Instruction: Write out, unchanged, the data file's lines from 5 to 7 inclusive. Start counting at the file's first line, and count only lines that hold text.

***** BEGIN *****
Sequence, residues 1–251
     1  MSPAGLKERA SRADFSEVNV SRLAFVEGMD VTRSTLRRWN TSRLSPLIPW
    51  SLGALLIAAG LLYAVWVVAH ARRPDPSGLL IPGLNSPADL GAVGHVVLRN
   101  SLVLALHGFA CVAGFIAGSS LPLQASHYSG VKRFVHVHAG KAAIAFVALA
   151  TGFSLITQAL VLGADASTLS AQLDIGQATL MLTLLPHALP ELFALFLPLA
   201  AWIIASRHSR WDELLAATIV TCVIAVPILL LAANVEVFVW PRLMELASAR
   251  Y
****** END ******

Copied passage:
   151  TGFSLITQAL VLGADASTLS AQLDIGQATL MLTLLPHALP ELFALFLPLA
   201  AWIIASRHSR WDELLAATIV TCVIAVPILL LAANVEVFVW PRLMELASAR
   251  Y